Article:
It’s the 93rd year for a fair in Kitsap County. And throughout the years, the fair has been a place for local residents to celebrate what makes Kitsap County great.
The Kitsap County Fair & Stampede is held annually for the purpose of educating, entertaining and creating a better quality of life for the residents of Kitsap County and surrounding counties, according to members of the fair board.
It consists of teaching youth historical lessons so they may better understand what has shaped Kitsap County to become what it is today and what it will become in the future, board members said.
It promotes agriculture so that consumers may better understand the source of their food and fiber. It also provides information to consumers so that they may make better choices of products and ideas in their own lives. Competitive exhibits are another one of the tools that it used to educate customers.
And there’s always a lot of entertainment, including this year’s headliner, Heart By Heart.
Heart By Heart will perform on Wednesday, Aug. 24 at the Thunderbird Arena directly after the Xtreme Bulls at about 9 p.m.
Other entertainment during the fair includes Jackson Michelson, on Thursday, Aug. 25 at after the PRCA Rodeo (9 p.m.) in the Thunderbird Arena
Austin Jenckes, as seen on The Voice, will sing Friday, Aug. 26 at 9 p.m. after the PRCA Rodeo in the Thunderbird Arena
The Kitsap Destruction Derby is set for the last day of the fair, Sunday, Aug. 28 from 1 to 4 p.m., also in the Thunderbird Arena.
Other fair favorites are Karen Quest – Cowgirl Tricks, a unique fun-filled Vaudeville-style Western Comedy Act complete with Trick Roping, Whip Cracking, Music and Lots of Surprises. She also performs on stilts as “Lucky Starr” – an 8-foot-tall cowgirl – as she engages audiences with her special brand of Western humor; and Kevin Wolfe Comedy Hypnosis, a fast paced and funny hypnosis show that will keep everyone laughing. With Wolfe’s special improvisational style, you never know what’s going to happen.
There’s a total of four entertainment stages including the Center Stage, the Pepsi Stage which features family entertainment, the Cowboy Corral, which includes the PRCA Rodeo and lots of country music, and the Random Acts stage, a place for “unplugged” entertainment. In all there will be more than 100 performances to choose from while attending the fair.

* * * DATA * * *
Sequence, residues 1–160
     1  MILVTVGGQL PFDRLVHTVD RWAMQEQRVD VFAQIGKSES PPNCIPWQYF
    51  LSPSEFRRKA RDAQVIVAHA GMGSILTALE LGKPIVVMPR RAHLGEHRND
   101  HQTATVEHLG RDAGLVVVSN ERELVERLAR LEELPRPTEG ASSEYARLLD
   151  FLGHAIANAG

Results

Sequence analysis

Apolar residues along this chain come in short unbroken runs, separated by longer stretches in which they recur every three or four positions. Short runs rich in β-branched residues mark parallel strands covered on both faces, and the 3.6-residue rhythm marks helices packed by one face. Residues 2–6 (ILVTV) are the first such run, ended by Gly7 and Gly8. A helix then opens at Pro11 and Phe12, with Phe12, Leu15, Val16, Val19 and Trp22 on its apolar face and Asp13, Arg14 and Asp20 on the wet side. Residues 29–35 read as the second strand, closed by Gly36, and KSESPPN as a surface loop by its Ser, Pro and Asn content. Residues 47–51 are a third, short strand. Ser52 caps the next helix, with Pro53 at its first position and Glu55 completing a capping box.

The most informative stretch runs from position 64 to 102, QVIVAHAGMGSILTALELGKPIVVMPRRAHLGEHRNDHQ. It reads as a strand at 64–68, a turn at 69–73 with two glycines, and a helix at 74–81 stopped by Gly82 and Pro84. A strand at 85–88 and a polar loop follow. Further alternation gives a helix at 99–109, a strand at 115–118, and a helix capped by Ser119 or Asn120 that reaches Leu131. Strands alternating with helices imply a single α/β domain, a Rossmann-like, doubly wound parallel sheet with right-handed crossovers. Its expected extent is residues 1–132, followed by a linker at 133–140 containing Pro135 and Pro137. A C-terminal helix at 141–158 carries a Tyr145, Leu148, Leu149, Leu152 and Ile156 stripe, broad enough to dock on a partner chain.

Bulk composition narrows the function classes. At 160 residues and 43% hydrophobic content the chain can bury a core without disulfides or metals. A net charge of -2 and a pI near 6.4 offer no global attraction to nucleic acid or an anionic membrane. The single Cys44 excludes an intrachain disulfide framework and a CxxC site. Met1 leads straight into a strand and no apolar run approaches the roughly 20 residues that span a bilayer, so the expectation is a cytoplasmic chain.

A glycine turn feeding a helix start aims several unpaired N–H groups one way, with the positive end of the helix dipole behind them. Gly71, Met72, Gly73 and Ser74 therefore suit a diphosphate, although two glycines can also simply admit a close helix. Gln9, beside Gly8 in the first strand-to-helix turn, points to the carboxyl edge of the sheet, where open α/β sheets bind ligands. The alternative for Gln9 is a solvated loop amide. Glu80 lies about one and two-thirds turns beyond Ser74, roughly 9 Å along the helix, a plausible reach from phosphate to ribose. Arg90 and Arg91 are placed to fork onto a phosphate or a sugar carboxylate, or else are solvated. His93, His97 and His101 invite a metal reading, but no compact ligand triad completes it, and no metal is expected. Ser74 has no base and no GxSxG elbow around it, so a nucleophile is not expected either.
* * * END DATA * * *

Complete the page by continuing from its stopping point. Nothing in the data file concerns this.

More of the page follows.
Many people come to the fair to see the livestock. This year the barns will be full and there’ll be cows, pigs, lambs, cats, dogs and rabbits to see. And the exotic bird barn will return again this year.
The Rodeo and Stampede is a highlight for many and will include rodeo events from 6:30 to 8:30 p.m. Thursday, Friday and Saturday evenings. On Wednesday, there will be Xtreme Bull riding. Rodeo events include bareback riding, steer wrestling, team roping, saddle bronc riding, calf roping and barrel racing. The PRCA is the largest and oldest professional rodeo sanctioning body in the world. The recognized leader in Pro Rodeo, the PRCA sanctions more than 600 rodeos annually and showcases the world’s best cowboys in premier events.
And, of course, there’ll be hundreds of exhibits to look at including homemade pies and pickles, retail vendors selling everything from pots and pans to purses, and the food. What can you say about fair food, other than come hungry. Just don’t eat before you ride the carnival rides.
The first recorded Kitsap County Fair happened in 1923 in Port Orchard, some 15 miles from its present location. It was held in Port Orchard from 1923 to 1929. Then it moved to Roosevelt Field in Bremerton. It moved to its present location in 1958.
In 1929, exhibitors at the fair totaled 1,000; today there are more than 6,000, with annual attendance of 80,000.
In the late 1950s, the Chief Kitsap Stampede sold stock certificates for $1 and constructed the Thunderbird Arena. When completed it held 12,000 spectators. In the late 1970s, portions of the arena were condemned. The covered grandstands were later added. Today the arena holds 5,000 spectators and is used year-round for various events such as D-derby, Draft Horse Show, monster trucks and more. The complex has an annual overall attendance at its various events of more than 211,000.
Preparation for the fair begins right after the previous year’s fair is over, according to Jim Dunwiddie, director of the Kitsap County Parks and Recreation. And on the Saturday two weeks before the fair, more than 300 volunteers come out for “Super Saturday.”
“Volunteers put fresh paint on many of the buildings and clean up the fairgrounds,” he said. “These are the people who make sure we’re ready to open.”
He noted, too, that many of the members of the fair board work full time and take vacation the week of the fair so that they can be there to help.
“They’re really very dedicated folks,” he said.
Each year the fair board also looks over a list of suggested themes that have been submitted from fair supporters, he said.
“We’ve had lots of suggestions and we keep track of them,” he said. “The board sits down after the last fair and chooses the theme for the coming year.”
The theme chosen for this year is “Stars, Stripes and County Nights.”